Managerial Responses to Challenges Facing Survivors of Downsizing: a Survey of Manufacturing Firms in Nairobi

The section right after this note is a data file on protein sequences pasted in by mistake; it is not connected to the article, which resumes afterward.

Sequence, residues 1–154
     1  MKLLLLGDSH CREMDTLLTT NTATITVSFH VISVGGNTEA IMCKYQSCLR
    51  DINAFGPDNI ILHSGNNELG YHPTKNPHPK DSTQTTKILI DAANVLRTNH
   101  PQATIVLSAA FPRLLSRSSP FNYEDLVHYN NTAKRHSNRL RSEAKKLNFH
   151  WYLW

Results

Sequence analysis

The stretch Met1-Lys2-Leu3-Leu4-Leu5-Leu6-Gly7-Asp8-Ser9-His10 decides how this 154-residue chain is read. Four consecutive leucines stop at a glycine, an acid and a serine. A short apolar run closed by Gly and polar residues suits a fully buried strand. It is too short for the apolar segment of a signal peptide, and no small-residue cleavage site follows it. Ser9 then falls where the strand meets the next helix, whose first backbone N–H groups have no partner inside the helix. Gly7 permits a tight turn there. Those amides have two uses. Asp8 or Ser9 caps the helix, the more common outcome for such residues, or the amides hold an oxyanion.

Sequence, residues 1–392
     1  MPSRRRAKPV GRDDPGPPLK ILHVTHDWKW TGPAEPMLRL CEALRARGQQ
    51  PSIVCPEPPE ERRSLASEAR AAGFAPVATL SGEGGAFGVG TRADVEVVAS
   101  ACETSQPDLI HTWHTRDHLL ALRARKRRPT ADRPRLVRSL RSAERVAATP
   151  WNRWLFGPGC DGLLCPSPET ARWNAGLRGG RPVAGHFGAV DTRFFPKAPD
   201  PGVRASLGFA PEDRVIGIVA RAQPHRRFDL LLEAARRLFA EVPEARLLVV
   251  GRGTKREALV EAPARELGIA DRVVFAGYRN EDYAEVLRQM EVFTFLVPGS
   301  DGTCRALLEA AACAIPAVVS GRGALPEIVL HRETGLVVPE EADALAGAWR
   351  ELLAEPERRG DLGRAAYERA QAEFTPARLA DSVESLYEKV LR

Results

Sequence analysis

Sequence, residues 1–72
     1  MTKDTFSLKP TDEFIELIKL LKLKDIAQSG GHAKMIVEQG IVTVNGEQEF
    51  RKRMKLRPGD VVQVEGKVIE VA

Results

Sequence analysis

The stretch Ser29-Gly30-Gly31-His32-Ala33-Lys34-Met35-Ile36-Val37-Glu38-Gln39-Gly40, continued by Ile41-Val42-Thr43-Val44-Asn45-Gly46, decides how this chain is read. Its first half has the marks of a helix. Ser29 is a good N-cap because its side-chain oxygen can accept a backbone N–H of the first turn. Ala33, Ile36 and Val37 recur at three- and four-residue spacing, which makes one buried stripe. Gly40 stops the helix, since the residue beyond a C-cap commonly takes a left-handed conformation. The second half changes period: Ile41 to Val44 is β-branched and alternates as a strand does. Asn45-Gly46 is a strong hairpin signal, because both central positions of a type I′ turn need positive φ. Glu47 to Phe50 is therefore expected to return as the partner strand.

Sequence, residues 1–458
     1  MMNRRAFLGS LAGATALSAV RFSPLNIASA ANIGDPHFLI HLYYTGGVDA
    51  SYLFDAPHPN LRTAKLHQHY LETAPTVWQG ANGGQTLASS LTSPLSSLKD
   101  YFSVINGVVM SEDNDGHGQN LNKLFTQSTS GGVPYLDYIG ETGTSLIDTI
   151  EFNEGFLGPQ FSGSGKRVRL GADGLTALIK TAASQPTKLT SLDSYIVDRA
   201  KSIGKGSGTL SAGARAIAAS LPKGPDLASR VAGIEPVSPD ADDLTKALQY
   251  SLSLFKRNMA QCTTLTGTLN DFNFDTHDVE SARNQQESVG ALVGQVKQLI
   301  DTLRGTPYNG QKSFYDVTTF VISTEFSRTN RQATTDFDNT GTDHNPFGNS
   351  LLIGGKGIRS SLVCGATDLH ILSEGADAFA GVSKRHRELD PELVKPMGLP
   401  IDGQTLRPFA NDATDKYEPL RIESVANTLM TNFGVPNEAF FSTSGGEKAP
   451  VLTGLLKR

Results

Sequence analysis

Many organisations are going through massive shifts as they face the new global environment and in an attempt to remain competitive in an cver-increasing global marketplace, firms see few alternatives to downsizing. This is where the logic of lean organisations breaks down. In lough times people issues often take a back scat to more pressing problems. Organisational needs take priority over employee needs every time. However, it is not tenable in the long term simply to expect higher outputs from people in terms of performance with fewer inputs in terms of resources, people, training, time and support. Many organisations arc waking up to the need to address issues of employee motivation, but managers often express a sense of impotence about how to deal with them. Several studies have shown some of the challenges survivors lace as being low morale, low employment commitment and concern about job security. It is with this kind of scenario that the study set out to determine how Kenyan firms from the manufacturing scctor have responded to challenges faced by survivors of downsizing and also establish how survivors of downsizing perceive actions taken by their employers to deal with the challenges they faced. A survey of 30 firms was used for this study and the data was obtained through the use of a structured questionnaire. The questionnaire was then distributed to the Human Resource Managers or anyone in charge of the IIR function and two employees in each firm. Over 80% of the firms that responded used several responses in trying to deal with the challenges that employees faced after downsizing. 36% of the firms had survivors participate in decision making. 59% of the firms used effective communication to refocus employees. 32% of the firms were able to compensate their employees equitably and share the burden of downsizing across all levels of the organisations and 56% of the firms empowered their employees to enhance personal control. On the other hand all employees agreed to having experienced challenges to various degrees. 44% of employees experienced low morale. 45% of them experienced job dissatisfaction. 49% of them lacked the confidence to take on new responsibilities and 42% of them had intended to leave the organisation, indicating that any downsizing proccss always leaves employees with different experiences. Both management and survivors of downsizing were in agreement with regard to the need lor management to use strategies thai would largely be perceived positively by employees and sustain the organisation long after the immediate effects of downsizing arc experienced. It is important that organisations involve all interested stakeholders as it makes major decisions on such sensitive issues like downsizing. This ensures that employees own the process and help the organisation move forward with its future plans. If leaner organisations and Hatter structures are here to stay, the challenge is to make them work from the point of view of meeting employee needs, so that in turn organisational needs arc met.
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